The most generous word I could use to describe the current state of media is "fractured". It's not that all audiences have turned solely to social media and that traditional media is dead, but it's that everybody has an almost dizzying array of options available to consume entertainment. And while some demographics may prefer certain channels (you won't find a lot of teenagers in Facebook or watching the local evening news, for example), if we want to reach audiences we have to go where they are.
What compounds this is the challenge to create meaningful, impactful educational and inspirational opportunities. It's relatively easy to, say, pour tens of thousands of dollars down the drain of a social media campaign, and that campaign will generate clicks and likes and shares and "engagement" in the narrow sense that advertisers care about.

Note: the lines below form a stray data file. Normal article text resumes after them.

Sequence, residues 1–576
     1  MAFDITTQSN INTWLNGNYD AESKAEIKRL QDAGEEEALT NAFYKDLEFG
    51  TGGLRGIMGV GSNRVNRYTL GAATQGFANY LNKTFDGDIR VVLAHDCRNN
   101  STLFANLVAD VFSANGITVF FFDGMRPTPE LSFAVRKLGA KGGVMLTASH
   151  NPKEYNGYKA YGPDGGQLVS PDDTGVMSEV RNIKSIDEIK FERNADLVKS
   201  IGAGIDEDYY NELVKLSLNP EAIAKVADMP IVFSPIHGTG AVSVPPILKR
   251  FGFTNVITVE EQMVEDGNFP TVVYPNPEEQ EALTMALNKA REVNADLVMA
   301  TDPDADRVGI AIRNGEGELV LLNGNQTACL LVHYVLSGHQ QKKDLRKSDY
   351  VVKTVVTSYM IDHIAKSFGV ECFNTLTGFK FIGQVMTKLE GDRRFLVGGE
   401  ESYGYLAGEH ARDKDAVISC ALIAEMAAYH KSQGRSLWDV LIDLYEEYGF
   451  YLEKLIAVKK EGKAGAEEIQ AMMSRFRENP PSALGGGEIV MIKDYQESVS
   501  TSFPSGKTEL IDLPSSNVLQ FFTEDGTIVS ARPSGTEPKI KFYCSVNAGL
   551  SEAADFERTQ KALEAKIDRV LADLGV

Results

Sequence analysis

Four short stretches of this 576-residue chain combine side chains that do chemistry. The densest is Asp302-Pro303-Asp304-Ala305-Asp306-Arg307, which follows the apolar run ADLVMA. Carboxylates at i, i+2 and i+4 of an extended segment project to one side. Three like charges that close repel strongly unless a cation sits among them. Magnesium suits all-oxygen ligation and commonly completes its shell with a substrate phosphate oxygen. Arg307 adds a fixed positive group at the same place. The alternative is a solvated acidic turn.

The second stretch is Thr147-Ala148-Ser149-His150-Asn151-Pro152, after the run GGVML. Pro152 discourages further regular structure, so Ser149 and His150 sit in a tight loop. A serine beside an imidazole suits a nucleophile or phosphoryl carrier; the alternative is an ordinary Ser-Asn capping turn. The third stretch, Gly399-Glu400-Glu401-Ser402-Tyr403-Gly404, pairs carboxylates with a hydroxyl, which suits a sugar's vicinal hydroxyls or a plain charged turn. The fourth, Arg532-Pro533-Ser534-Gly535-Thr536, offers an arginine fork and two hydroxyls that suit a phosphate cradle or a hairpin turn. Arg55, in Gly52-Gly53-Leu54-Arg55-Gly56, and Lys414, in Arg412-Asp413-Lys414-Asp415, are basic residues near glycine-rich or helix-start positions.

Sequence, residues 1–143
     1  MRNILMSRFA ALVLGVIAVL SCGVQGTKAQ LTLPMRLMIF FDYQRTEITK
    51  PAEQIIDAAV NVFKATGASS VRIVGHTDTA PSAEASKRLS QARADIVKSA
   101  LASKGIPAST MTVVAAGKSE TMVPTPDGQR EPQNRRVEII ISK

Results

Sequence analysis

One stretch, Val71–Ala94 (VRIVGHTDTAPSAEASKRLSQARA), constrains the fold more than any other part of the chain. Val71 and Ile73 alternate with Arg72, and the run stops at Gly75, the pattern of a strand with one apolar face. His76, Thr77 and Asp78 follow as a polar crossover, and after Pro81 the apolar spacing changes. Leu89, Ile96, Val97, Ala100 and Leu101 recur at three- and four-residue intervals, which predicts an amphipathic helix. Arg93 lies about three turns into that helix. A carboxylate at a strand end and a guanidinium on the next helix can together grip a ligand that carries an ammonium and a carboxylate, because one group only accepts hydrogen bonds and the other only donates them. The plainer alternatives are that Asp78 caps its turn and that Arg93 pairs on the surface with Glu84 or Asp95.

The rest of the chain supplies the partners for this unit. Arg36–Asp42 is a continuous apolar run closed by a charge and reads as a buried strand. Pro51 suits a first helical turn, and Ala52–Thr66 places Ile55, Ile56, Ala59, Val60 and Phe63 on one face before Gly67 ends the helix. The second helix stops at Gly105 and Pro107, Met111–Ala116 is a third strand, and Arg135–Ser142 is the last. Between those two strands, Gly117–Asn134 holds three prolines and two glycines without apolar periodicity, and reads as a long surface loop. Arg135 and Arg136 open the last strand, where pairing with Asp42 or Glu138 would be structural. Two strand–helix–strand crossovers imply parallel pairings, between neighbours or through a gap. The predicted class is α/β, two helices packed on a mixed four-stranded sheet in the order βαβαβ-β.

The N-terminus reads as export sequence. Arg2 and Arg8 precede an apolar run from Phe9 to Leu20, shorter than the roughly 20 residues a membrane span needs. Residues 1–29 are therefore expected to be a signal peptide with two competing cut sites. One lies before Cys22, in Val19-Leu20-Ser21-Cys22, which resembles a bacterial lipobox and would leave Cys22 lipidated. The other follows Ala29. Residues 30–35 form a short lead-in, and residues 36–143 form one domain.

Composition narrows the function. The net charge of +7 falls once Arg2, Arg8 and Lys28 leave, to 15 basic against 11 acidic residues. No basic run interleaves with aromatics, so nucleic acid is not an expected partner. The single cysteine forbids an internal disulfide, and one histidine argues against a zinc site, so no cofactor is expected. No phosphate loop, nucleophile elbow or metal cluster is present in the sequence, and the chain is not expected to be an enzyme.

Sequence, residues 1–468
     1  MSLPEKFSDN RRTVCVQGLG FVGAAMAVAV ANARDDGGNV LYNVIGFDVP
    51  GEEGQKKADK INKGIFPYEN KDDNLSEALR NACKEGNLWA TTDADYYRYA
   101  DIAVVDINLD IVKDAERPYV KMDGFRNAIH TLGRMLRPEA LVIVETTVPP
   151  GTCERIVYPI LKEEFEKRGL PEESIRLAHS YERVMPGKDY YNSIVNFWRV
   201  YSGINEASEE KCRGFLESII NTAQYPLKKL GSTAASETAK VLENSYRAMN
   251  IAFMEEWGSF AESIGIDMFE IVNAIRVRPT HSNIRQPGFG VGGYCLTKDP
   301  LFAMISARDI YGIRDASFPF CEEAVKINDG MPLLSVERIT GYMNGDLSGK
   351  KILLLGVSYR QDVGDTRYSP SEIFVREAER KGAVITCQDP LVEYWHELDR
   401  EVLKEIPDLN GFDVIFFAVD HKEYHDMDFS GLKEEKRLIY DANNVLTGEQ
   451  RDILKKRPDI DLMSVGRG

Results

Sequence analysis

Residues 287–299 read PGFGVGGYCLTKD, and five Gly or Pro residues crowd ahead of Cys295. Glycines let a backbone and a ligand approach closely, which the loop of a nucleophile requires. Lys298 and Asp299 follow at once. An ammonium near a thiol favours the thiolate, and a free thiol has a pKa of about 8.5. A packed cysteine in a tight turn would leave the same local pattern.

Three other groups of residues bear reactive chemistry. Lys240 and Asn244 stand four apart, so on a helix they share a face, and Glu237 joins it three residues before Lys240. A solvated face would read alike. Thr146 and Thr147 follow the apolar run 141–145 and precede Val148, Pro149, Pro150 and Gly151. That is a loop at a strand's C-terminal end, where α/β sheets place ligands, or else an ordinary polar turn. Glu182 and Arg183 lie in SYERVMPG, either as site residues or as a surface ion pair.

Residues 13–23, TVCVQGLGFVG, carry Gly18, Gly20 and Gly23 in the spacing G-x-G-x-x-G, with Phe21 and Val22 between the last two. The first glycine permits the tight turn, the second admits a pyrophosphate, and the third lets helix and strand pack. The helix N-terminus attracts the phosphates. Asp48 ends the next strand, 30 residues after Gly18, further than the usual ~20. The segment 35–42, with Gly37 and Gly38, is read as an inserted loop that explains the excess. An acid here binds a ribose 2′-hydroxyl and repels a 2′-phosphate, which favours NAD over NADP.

But it may not be the kind of engagement that we care about.
We can't discount the power of personal interactions. That precious moment when you have someone's full attention, can look them straight in the eye, and get to share something wonderful about the way the world works. Seeing those eyes light up with awareness and true understanding for the first time is the best form of storytelling and education. Social and traditional media are powerful too, yes, and we must use them to push to new and broad audiences - often because there's a slim chance they'll come to us without encouragement. But in our yearning for clicks and shares, we shouldn't forget the human moments that make our mission possible...and fun.